I won't translate the entire article but it seems that the Supreme Electoral Tribunal ratified the meetings of Winaq, the indigenous political party that Menchú represents but declined to ratify the selection of candidates (Menchú and her running mate Anibal Garcia). Seems to be a confusing rule and we'll have to see where this goes. Needless to say the entire electoral process has been fraught with all kinds of irregularities and scandals; it seems half of the major parties have been cited for one thing or another, and they are spending a lot of energy launching investigations into each other's workings (or asking various governmental bodies to do so).

In other news. there have been two major actions by local communities against so-called "development" projects.  In Saxaché, Peten, local communities have rejected plans to build a hydroelectric plant. People are apparently worried about being thrown off their land as happened in Chixoy, and about the impact on their subsistence agriculture.

Residents reject hydroelectric plant

And more actions against mining, this time in Jalapa. There have not yet been any major actions or community consultations in my part of Quiché yet -- it's a big department and two weeks ago when we were in Cunén recording radio spots about the elections with women there, in the municipal palace, there was apparently another meeting that had to do with mining operations, but I haven't heard about anything down this way. 

Another setback to women's rights -- A judge has issued a ruling limiting the distribution of contraceptives -- in violation of some of the human rights and other declarations that are supposed to guarantee information and access. A truly regressive move in a country where half the rural indigenous women have their first child before the age of 20 and 70% have not completed primary school education. This was brought home to me yesterday in a meeting of the newly-elected executive board of Ixmukané, when the director talked about the embarrassment and pain of looking at the sign-in sheets from some of the meetings and training sessions held in rural areas, and seeing sheet after sheet that were marked only with thumbprints, not signatures.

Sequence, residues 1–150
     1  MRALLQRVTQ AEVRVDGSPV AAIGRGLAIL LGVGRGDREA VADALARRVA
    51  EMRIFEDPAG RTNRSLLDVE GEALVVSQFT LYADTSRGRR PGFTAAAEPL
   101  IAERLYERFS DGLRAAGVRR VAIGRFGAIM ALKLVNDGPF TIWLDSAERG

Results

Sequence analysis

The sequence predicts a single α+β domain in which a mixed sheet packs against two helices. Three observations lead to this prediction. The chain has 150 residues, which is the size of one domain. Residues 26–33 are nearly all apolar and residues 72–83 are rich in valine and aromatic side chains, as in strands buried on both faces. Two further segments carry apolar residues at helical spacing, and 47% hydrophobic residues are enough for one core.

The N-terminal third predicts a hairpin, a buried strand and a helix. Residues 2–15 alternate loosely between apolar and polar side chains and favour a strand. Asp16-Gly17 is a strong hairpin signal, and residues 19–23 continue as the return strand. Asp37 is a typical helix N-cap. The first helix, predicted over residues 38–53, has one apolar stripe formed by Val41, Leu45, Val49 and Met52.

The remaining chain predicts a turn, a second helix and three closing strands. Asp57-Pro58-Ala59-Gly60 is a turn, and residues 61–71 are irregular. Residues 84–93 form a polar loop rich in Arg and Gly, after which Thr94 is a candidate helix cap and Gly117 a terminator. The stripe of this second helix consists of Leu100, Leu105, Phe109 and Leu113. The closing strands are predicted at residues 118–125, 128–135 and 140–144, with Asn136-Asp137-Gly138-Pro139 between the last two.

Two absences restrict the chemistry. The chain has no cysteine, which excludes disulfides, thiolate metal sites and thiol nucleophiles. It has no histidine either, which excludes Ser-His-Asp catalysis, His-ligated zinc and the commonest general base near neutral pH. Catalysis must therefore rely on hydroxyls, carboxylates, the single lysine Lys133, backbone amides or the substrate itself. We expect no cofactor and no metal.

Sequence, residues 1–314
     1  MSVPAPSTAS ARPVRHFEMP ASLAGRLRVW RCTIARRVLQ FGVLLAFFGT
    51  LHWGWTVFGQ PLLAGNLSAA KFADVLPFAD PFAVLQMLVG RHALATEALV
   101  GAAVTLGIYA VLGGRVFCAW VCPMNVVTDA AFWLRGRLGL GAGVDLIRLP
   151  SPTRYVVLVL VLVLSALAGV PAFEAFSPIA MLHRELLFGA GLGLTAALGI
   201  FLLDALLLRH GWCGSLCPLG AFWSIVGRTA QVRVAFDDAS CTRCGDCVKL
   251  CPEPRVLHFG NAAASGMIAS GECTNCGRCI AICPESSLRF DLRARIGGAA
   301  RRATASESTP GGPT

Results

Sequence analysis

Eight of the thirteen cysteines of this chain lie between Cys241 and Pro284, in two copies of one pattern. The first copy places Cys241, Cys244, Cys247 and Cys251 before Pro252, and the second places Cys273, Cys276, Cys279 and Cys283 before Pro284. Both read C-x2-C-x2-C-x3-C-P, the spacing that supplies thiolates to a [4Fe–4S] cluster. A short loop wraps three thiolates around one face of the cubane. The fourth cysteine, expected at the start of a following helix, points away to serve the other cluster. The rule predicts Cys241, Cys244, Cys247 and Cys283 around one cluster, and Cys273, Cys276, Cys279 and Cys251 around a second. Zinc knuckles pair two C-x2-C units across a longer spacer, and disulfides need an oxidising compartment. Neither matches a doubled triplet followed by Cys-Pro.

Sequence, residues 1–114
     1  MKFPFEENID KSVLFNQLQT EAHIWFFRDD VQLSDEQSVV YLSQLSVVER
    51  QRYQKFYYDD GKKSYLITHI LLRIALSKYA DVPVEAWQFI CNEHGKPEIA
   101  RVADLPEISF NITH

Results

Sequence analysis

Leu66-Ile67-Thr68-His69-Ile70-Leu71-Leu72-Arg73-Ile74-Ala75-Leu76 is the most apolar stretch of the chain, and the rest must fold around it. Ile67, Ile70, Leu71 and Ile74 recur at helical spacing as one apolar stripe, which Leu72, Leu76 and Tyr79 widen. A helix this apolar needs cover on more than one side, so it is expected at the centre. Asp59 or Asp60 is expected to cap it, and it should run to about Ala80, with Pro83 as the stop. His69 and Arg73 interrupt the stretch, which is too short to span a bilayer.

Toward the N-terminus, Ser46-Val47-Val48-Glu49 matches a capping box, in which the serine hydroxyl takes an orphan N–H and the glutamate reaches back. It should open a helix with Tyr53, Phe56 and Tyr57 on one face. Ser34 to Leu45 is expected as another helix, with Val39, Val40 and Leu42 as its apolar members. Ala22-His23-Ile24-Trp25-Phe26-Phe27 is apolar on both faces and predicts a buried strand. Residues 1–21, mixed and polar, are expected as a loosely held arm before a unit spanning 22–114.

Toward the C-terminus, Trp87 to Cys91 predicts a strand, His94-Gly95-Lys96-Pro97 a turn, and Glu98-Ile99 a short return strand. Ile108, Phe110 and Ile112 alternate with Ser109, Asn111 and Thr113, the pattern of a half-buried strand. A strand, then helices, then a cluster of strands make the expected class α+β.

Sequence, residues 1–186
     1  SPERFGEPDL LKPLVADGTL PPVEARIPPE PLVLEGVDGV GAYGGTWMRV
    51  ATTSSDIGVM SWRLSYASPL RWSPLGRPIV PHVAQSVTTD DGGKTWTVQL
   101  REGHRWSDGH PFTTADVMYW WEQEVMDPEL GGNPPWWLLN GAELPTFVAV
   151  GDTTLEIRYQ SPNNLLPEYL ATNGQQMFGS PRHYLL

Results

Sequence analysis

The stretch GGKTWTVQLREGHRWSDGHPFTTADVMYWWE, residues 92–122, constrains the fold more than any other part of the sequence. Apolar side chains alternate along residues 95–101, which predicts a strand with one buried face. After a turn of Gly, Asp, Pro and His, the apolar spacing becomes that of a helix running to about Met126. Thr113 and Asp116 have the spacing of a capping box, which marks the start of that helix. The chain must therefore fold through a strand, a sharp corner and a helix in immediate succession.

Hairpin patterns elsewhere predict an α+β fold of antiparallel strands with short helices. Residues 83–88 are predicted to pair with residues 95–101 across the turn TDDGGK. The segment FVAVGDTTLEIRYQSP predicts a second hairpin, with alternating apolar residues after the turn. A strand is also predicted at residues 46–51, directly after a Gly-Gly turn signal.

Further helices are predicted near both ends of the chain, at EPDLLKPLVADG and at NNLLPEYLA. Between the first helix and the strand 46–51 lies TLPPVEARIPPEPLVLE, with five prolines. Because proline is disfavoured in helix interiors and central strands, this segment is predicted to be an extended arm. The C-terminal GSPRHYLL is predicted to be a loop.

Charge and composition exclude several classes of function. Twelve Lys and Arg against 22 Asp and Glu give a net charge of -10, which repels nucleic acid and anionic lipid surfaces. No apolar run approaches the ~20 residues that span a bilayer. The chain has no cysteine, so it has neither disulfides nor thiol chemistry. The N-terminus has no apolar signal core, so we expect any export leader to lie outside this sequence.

Finally, as though we needed more evidence of the uneven development (to take a phrase from Trotsky) and outright neglect that have plagued Quiché for decades if not centuries, turning it into THE poorest department in the country (not "one of the poorest" but THE poorest region in a poor country), a section of retaining wall on the highway, RN-15, that leads to the departmental capital, Sta. Cruz del Quiché, collapsed yesterday, undermining the stability of the asphalt surface and threatening a possible landslide.  This is, of course, a result of the rains, but also undoubtedly some inadequacies or shortcuts in the original construction of the highway. Perhaps inadequate funding, sloppy work, poor oversight, or some of the money designated for the road went to line politicians' and contractors' pockets. This is really the only access road from the southern and western parts of the country -- to get to Santa Cruz del Quiché from one of the two major cities, Xela or Guatemala City, you have to take CA-1 (the Interamerican or Panamerican highway, it goes by both names) to Los Encuentros ("the encounters" or "the meetings", an apt name for a pretty ugly crossroads)  the starting point of RN-15, a road that gives new meaning to the concept of "hairpin turn" (the women from Petén who visited last week and their driver commented about this; one of them literally got sick from the ups and downs, twists and turns; I have gotten to rather like them after months of traversing part of this road pretty regularly). The collapse was just outside of Chichicastenango, on the stretch of RN-15 that connects Chichi and Sta. Cruz. Local officials are asking for some emergency funding, and we'll see what they do with it.